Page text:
Earlier this year, the Michigan Gaming Control Board (MGCB) announced that it was going to tighten up its rules on Charity Poker operations and it has followed through with its promise. Recent reports confirm that the MGCB has shut down a large number of charity poker establishments including the likes of the Pocket Aces Poker Room located inside Foutch’s Pub and Grill in Flint Township and The Palace Poker Room in Burton.
These poker charity groups support a large number of establishments including schools, civic bodies and sports groups.
A number of other poker rooms in Michigan are also expected to be shut down shortly. The MGCB are currently paying visits to a number of these poker rooms and conducting a strict review. Based on the results, they give them a green light to continue or a notice to wind up their operations before a stipulated date.
In a statement, Kevin Lakits, who operates the Legends Sports Café Poker Room in Fenton Township said “Of course we’re nervous they would shut us down. From what I understand, there were more than 100 rooms in Michigan. Now there’s less than 40. If the intent is to shut us all down, the path has been set by the people operating it.”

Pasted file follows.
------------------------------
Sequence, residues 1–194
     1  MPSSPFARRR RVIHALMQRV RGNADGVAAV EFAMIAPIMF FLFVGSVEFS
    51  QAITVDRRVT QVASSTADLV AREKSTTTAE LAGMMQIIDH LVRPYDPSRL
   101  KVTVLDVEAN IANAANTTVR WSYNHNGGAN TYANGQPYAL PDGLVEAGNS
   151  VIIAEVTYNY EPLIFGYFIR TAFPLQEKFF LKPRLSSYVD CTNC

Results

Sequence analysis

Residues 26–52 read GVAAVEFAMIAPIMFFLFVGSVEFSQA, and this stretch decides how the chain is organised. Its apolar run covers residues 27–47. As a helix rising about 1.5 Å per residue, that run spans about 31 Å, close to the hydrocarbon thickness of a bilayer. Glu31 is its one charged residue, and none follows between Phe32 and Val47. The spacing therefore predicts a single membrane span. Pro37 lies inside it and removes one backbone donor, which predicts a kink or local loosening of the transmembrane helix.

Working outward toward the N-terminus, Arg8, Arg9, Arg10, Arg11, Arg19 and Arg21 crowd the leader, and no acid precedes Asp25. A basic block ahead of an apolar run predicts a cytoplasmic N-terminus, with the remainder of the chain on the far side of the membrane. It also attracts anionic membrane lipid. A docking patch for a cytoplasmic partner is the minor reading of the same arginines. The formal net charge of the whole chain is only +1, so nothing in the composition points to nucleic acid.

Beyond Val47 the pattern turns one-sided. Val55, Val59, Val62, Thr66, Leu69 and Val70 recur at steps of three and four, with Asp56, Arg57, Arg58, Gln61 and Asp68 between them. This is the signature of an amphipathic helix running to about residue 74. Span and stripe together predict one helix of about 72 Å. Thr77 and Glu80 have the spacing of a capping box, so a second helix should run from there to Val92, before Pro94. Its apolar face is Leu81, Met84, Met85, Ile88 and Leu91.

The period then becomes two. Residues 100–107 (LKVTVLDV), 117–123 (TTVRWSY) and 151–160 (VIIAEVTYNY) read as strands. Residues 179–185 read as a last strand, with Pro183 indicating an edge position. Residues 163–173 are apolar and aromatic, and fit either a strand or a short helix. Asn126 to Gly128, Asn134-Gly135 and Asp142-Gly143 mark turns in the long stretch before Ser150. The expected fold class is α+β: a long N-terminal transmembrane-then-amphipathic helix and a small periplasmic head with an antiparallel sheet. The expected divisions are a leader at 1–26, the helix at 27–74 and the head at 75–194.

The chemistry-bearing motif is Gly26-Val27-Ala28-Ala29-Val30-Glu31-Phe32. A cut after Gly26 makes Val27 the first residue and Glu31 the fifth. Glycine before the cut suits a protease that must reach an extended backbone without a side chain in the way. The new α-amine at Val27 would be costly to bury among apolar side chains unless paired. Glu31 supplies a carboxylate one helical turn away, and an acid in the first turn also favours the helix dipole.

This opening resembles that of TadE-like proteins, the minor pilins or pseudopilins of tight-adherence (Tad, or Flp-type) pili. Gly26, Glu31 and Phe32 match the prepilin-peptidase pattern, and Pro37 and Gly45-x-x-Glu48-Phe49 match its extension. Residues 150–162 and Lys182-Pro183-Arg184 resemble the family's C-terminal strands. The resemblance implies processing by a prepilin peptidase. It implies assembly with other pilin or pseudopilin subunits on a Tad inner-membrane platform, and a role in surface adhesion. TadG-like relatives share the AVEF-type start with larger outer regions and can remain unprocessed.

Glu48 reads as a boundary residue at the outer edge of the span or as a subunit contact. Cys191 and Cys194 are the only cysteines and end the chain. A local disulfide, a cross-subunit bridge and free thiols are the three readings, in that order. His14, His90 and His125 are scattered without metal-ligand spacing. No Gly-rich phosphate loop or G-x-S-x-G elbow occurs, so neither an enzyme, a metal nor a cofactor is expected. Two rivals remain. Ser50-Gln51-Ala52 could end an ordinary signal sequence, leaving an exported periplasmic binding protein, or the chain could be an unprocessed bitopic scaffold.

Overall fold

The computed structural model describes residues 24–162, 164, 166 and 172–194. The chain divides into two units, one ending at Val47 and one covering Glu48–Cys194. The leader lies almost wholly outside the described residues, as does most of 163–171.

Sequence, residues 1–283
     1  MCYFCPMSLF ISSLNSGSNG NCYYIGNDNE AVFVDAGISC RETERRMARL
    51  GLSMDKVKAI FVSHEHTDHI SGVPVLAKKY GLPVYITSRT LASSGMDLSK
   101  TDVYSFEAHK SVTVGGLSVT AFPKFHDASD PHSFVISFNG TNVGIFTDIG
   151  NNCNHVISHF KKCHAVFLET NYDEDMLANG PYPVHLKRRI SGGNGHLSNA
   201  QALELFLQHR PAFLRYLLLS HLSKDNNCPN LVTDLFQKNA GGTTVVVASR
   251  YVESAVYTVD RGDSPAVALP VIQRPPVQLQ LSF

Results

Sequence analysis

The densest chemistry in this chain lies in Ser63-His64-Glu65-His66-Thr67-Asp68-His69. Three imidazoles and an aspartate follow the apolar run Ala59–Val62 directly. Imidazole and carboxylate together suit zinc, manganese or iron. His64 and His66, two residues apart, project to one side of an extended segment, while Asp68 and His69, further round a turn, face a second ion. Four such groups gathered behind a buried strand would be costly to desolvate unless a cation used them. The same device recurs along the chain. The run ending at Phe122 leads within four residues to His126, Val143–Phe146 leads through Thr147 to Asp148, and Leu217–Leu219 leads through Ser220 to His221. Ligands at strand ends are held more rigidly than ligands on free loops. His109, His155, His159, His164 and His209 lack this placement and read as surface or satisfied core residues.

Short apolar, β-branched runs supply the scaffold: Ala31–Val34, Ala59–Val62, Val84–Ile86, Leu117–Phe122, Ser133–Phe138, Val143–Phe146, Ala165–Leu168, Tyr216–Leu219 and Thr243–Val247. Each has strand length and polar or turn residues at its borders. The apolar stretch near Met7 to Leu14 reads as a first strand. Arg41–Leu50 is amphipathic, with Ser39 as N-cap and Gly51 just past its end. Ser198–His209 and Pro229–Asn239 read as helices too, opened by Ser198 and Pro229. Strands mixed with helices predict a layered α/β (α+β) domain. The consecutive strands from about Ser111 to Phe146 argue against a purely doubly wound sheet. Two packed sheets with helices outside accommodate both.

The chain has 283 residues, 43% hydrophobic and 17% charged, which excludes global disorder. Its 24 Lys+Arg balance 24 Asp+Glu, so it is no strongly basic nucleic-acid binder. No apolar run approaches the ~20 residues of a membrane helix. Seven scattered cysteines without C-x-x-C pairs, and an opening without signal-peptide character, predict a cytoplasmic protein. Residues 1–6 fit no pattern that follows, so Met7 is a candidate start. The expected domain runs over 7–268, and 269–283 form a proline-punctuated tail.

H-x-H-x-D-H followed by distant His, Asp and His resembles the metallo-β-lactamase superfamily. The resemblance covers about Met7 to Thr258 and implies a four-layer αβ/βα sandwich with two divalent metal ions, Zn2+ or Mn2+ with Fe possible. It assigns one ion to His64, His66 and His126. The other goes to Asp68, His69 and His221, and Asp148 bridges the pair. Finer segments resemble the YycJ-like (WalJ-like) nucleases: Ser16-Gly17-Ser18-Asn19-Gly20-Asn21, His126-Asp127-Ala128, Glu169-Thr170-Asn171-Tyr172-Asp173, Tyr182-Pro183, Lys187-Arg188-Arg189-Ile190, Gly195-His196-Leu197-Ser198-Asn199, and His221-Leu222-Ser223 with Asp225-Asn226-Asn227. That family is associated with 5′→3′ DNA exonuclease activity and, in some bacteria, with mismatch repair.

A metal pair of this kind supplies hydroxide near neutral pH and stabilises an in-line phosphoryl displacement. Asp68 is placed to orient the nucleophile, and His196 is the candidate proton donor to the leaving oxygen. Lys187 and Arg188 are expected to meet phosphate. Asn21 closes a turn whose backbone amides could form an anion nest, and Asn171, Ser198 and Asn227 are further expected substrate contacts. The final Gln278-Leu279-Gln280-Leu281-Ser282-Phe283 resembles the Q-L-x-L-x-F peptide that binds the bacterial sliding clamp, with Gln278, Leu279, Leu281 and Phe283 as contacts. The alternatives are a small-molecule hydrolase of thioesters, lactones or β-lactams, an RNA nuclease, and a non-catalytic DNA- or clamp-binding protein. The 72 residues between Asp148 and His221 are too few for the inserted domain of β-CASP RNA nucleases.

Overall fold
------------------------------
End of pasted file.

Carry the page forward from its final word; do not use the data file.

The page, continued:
One of the reasons why the MGCB is cracking down on these charity poker rooms is because it believes that there are loopholes in the current legal framework that allow these establishments to exploit these loopholes. The current Michigan law allows these charities to report their chip sales directly to the state. They are not required to be audited so that their figures can be verified. MGCB Executive Director Rick Kalm has stated that rules like this have allowed charity poker establishments to report lower revenue and hence these issues had to be addressed.
A statement on the MGCB website from Kalm states that
“…routine underreporting of sales and illegal involvement at numerous locations, many of which call themselves ‘Poker Rooms’ and are driven by profits and volume, not in helping local charities as evidenced by our investigations. The large amount of cash running through bars/poker rooms has many times led to fraud and illegal activities when there is little or no oversight.”
However, Kalm’s views did not go down well with Stephanie Van Koevering who is the spokesperson for the Michigan Charitable Gaming Association. Van Koevering was critical of the move to shut down charity poker establishments and said “If there’s a shooting in a nightclub, do you shut down all the night clubs? Of course not. We find the board’s arguments to be disingenuous. If they can’t regulate small poker rooms, how can they regulate a major casino in Detroit?”